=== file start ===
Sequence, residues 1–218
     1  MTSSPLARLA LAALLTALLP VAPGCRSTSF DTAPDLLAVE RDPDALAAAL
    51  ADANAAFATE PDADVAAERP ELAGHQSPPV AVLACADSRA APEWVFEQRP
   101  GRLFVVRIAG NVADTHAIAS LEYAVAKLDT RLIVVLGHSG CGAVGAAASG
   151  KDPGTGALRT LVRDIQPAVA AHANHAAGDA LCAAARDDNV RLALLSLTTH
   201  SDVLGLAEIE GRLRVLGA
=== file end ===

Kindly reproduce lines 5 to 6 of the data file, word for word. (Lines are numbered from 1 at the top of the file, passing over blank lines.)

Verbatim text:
   151  KDPGTGALRT LVRDIQPAVA AHANHAAGDA LCAAARDDNV RLALLSLTTH
   201  SDVLGLAEIE GRLRVLGA